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Koepka has eyes on the Masters prize
Published on: Monday, April 10, 2023
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Koepka has eyes on the Masters prize
Koepka plays a shot during the third round.
AUGUSTA: American Brooks Koepka has his fifth major title in his sights as he heads into what will be a hectic final day showdown with Spain’s Jon Rahm at the rain-affected Masters.

Koepka has a four-stroke lead over Rahm but has a marathon day ahead of him with the leading pair still having 30 holes to complete after Saturday’s third round was cut short due to rain.

Should the Floridian triumph it will be his first major since the PGA Championship at Bethpage in 2019 and since he left the PGA Tour for the breakaway, Saudi-backed, LIV Golf series.

The prospect of a LIV player putting on the green jacket is an uncomfortable one for the American golf establishment but creates a fascinating subplot to what is so often a day of drama.

The third round will resume Sunday at 8:30 a.m. with the final 18 holes expected to begin four hours later off the first and 10th tees in pairings.

With puddles forming on the greens and players battling hard against weather more akin to a British Open, organisers had little choice but to end Saturday’s action early.

In wet, cold and windy conditions, players huddled under umbrellas in between shots and Tiger Woods wore a woollen hat over the top of his baseball cap.

The weather forecast for Sunday is positive, however, with temperatures expected to rise to above 60 degrees F (15.5 C) and much less chance of rain.

In round three, Rahm and Koepka both made birdies on the par-5 second but bogeys on the par-3 fourth and par-four fifth from the Spaniard left Koepka with his four-shot gap.

Koepka, at 13-under-par, was on the green at the seventh hole with an 11-foot par putt when play was halted while Rahm, on 9-under, had a nine-foot birdie putt.

With the  32-year-old’s performances in the LIV Golf League, including last week’s win at Orlando, not counting towards the Official World Golf Rankings, he is placed at 118th in the world.

That ranking more reflects the bitter nature of the conflict between LIV and the PGA Tour, who unlike the rebels have places on the board of the rankings body.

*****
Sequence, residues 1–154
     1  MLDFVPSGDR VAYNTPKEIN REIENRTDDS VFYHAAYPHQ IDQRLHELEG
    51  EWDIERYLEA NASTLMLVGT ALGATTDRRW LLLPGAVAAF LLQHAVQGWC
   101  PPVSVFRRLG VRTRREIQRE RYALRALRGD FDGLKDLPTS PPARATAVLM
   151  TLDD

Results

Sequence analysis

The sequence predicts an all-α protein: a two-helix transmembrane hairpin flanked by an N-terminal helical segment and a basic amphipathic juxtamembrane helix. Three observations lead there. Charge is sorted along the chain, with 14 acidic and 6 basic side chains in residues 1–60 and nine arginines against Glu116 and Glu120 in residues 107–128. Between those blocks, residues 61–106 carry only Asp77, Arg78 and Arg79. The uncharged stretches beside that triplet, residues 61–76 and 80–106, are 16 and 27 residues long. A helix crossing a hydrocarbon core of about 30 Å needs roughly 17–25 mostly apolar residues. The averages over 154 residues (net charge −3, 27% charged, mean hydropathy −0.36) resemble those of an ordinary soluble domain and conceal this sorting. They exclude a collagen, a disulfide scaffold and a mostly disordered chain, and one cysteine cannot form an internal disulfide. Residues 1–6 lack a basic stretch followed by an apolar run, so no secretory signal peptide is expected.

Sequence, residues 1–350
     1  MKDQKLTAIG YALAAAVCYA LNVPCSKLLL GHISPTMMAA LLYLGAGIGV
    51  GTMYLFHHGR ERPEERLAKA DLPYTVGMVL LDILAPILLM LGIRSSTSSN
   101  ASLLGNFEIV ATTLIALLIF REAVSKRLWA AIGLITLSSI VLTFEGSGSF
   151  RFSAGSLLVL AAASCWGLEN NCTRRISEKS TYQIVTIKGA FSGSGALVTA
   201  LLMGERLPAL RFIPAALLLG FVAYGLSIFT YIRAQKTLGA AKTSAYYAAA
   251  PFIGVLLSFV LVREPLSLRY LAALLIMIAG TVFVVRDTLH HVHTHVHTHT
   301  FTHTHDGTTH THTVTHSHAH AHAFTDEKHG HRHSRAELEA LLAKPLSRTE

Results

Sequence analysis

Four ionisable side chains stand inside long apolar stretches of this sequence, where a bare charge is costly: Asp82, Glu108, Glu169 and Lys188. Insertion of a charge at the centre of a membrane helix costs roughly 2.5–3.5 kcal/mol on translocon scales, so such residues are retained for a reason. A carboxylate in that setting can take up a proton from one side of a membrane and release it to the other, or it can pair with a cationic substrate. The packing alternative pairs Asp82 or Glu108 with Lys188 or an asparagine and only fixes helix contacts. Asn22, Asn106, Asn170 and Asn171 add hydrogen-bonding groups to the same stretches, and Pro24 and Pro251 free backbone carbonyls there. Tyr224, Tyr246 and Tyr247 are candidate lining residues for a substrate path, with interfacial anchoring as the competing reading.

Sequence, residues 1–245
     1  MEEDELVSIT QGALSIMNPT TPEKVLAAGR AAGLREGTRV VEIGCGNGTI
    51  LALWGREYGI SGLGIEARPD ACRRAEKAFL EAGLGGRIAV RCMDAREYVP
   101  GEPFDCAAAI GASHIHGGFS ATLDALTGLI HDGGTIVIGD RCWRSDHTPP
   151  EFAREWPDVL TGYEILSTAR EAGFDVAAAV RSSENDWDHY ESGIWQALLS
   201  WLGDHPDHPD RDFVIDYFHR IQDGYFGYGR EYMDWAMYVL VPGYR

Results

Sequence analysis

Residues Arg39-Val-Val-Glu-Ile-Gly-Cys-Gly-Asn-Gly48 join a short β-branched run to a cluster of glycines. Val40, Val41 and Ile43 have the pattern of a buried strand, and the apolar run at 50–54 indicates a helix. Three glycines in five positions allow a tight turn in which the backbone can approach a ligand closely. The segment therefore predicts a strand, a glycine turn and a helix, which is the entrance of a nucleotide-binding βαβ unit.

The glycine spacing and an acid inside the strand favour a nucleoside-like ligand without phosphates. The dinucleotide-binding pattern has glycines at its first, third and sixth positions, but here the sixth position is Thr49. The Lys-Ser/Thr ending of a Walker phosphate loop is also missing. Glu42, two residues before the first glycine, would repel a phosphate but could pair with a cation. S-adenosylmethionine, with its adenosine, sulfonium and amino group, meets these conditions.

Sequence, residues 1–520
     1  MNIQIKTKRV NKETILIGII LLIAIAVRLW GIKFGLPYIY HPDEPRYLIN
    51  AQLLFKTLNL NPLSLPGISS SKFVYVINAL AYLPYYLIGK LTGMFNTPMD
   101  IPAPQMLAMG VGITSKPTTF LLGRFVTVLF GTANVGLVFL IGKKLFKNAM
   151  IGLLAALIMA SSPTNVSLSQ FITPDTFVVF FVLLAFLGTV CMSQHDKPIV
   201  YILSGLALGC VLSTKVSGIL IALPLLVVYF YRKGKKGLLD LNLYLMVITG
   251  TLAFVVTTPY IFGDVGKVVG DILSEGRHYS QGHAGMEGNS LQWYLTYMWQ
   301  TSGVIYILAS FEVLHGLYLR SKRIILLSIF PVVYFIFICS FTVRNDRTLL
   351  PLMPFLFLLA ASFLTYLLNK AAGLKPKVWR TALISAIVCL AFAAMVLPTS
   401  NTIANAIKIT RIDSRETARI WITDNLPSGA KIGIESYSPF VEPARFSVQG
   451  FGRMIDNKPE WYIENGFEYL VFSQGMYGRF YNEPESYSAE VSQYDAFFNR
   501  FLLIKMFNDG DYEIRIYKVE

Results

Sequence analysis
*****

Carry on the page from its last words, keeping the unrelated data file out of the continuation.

Koepka’s formal ranking would make him the lowest-ranked player to win the Masters since the rankings system was introduced in 1986.

The current holder of that distinction is Angel Cabrera of Argentina, who was ranked 69th when he won the green jacket in 2009.

The winner on Sunday will collect a Masters record prize of $3.24 million unless it is amateur Sam Bennett, who plays on the college circuit for Texas A&M.

Bennett will start on Sunday in third place on the leaderboard, having bogeyed the par-5 second, seven strokes off the lead as he bids to become the first amateur to win the Masters.

Patrick Cantlay handled the challenging conditions well as he rose up the leaderboard with three straight birdies from the second hole and he was five-under overall through the 13th hole.

England’s Matt Fitzpatrick, the reigning US Open champion, was one of three players level with Cantlay on five under after making three birdies before play was stopped.

Veteran Phil Mickelson, also on the LIV tour, produced a superb long, curling putt on the par-3 sixth for his second birdie of the day to briefly reach six-under but  followed that with successive bogeys.

Tiger Woods had to battle to avoid the cut but the 15-time major winner may have wished he had failed after a nightmare start to his third round.

Woods, starting on the 10th hole, made two bogeys before double bogeys on the par-5 15th and par-3 16th left him bottom of the leaderboard on six-over overall.

By making the cut, Woods matched the record of Fred Couples and Gary Player with 23 consecutive made cuts at the Masters.

Woods hasn’t missed a Masters cut since 1996 when he was playing as an amateur.

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